The Perfect Feminist

SOURCE: Rosie-Kate Day / SOURCE: Rosie-Kate Day /

Every feminist knows of the internal struggles that often arise when we try and juggle our lives as imperfect, flawed human beings and oppression-busting social justice warriors. Sometimes it feels to me like those two identities are constantly waging war around my head. This is before you mix in my other identities such a “white, cis woman” and “pansexual”. Often, facets of myself seem paradoxical and conflicting, and sometimes the internalised misogyny we are all unlearning can come back with a vengeance.

The Perfect Feminist does not exist.

I say this because it is true, but I do not mean it is a bad thing. I’m not a perfect feminist, I’ve never met a person who is, but I’m still comfortable and proud of my beliefs even if I do slip sometimes.

For instance, I absolutely love make-up, fashion and beauty. And I absolutely play into the ridiculous beauty standards our society upholds. But I am absolutely aware of this.

I have spent a lot of money and a lot of time on learning how to use makeup to achieve that perfect, airbrushed-skin look or that beautifully full pout or that wonderfully chiselled, contoured appearance that defies my natural bone structure.

I shave everywhere and I love having nice hair and I love wearing clothes that make me feel “sexy”. Some people would say this makes me a bad feminist, for playing into the patriarchal standards ultimately created for the approval and enjoyment of the male gaze. I would say they are bad feminists too, for thinking they can dictate to me the choices I make about my own face and body.

See, men might enjoy the way I look when I put all this effort into my appearance, but so do I. It makes me feel good when I look in a mirror, and whilst I’m well aware I’m measuring myself against made up beauty rules. It’s hard not to think I’m at my most beautiful when I look like that, when society has told me my whole life that is exactly what beautiful is.

I fully believe that make-up is an art form too, one that we can reclaim and make all about us. I find it fun, I find it satisfying to be able to create different looks and as so many men are eager to let us know, “they prefer the natural look anyway”. Good. Allow me to enjoy the irony of using these tools that are designed for your approval to transform my face into something you don’t want. Good.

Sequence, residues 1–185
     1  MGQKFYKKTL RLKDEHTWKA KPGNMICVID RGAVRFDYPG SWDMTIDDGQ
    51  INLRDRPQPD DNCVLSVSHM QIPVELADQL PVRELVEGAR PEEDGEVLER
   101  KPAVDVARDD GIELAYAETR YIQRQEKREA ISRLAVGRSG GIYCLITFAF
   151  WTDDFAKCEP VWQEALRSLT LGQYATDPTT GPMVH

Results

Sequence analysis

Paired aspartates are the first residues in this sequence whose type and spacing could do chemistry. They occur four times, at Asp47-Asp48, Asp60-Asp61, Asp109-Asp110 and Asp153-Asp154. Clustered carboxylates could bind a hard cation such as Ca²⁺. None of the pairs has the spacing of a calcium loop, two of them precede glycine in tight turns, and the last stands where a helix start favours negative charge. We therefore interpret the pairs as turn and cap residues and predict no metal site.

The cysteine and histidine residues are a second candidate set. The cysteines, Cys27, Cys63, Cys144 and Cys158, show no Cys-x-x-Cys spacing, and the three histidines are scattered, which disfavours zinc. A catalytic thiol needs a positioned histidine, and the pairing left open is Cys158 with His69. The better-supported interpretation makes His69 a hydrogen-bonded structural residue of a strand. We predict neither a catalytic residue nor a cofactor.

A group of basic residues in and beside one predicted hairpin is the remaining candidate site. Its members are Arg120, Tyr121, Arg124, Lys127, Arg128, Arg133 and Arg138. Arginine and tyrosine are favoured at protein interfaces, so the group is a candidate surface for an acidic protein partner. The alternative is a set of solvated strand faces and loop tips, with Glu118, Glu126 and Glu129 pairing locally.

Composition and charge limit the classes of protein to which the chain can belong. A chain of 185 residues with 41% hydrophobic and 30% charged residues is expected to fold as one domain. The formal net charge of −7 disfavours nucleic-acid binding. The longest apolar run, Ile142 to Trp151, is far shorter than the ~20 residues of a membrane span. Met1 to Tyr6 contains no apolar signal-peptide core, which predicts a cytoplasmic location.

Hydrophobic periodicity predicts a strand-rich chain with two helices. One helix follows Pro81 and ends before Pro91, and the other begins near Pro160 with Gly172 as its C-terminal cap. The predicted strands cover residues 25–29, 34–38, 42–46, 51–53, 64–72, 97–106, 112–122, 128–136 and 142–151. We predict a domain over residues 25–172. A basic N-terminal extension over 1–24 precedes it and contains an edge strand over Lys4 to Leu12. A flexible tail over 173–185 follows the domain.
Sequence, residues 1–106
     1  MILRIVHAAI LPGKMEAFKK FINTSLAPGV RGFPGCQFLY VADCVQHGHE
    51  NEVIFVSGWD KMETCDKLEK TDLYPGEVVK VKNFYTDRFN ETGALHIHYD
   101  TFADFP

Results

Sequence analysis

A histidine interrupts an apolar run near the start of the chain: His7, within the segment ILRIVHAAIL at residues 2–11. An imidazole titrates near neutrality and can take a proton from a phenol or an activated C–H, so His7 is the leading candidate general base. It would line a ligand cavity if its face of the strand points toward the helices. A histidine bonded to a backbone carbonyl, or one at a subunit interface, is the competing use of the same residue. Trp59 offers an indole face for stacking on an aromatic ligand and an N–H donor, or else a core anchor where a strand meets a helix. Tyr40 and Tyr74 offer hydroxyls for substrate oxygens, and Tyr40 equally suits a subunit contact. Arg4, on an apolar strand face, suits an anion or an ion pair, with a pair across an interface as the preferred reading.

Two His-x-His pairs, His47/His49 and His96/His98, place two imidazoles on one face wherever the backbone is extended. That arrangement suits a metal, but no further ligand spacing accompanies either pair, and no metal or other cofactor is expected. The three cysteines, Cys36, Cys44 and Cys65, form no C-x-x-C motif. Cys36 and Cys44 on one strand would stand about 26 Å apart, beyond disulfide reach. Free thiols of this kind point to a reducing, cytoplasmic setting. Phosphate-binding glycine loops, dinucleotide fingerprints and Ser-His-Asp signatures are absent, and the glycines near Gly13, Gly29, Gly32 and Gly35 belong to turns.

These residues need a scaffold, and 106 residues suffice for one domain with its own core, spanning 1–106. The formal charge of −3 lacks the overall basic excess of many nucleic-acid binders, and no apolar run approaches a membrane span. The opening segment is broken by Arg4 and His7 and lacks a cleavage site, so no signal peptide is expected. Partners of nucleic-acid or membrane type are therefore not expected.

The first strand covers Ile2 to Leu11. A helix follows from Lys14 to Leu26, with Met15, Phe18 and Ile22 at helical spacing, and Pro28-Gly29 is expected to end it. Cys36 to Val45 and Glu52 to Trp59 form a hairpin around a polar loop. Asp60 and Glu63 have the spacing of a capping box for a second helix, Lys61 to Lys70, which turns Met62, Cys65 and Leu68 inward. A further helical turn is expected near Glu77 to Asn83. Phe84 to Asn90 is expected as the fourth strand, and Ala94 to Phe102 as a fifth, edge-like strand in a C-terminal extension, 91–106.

Some women can’t help it that they feel flattered by unwarranted male attention. Personally, I am not one of those women. I can’t stand being cat called and I don’t like being talked to by a guy who thinks he deserves to speak to me, even when I am clearly not interested. But I will never shame a girl who finds themselves validated by shouts of “hey sexy!” on the streets. I’ve heard feminist women say they hate that they enjoy it but they can’t help the way they feel. I’ve heard them say they feel terrible for feeling that way, but don’t. We are taught from day one that is how we measure our worth. If not by the circumference of our waists then by our desirability to those around us, so who can blame us for feeling at least a little bit happy when we’re told our tits look good and we’re wanted. We’re told we should be wanted and no matter how “feminist” you are, those lessons can still permeate your thoughts and for many of us they’re always there, at the back of our minds.

Perhaps you love a good old, sexist rom-com. Perhaps you watch Grease and you smile and sing along through the end scene even though you know Sandy has completely changed her appearance and her values to be with a rude, arrogant boy and it’s totally unfair but that song is reaaaally catchy and this film is a classic. Maybe Beauty and the Beast is your favourite film, despite the obvious anti-feminists themes, um like the part where Belle is forced to be the prisoner of a hyper-masculine beast until she learns to love him. These things do not make you a bad feminist! My heart aches for every girl who feels ashamed when enjoying these things, sometimes it’s actually necessary to put all the problematic stuff you can’t help but notice out of your mind and enjoy a film guilt-free.